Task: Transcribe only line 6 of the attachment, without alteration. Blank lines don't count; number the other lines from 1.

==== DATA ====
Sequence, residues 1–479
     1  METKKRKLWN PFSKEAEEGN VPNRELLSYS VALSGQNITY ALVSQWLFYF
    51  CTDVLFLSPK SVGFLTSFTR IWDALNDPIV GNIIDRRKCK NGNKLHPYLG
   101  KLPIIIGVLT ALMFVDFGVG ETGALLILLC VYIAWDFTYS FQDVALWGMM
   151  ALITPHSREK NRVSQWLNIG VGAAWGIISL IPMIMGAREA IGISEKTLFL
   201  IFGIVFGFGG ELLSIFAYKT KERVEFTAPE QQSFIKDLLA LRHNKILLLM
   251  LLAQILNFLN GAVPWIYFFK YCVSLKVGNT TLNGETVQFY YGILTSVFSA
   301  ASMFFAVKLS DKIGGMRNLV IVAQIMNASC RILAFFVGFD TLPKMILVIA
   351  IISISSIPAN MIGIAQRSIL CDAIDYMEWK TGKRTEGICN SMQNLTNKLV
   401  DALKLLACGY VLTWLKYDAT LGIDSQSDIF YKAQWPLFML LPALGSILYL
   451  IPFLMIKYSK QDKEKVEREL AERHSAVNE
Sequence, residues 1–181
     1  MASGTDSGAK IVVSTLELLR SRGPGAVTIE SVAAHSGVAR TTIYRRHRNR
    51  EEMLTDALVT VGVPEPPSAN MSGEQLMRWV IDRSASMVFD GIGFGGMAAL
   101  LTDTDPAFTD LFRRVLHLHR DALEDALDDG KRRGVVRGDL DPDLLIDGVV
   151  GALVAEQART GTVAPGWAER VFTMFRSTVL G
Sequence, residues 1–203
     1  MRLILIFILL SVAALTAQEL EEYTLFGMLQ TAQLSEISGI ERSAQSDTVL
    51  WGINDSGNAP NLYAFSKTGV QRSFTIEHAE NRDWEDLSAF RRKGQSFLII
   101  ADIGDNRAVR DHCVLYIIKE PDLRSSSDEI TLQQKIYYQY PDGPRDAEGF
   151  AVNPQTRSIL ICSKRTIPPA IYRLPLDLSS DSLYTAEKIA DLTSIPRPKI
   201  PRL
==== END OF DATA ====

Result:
   201  IFGIVFGFGG ELLSIFAYKT KERVEFTAPE QQSFIKDLLA LRHNKILLLM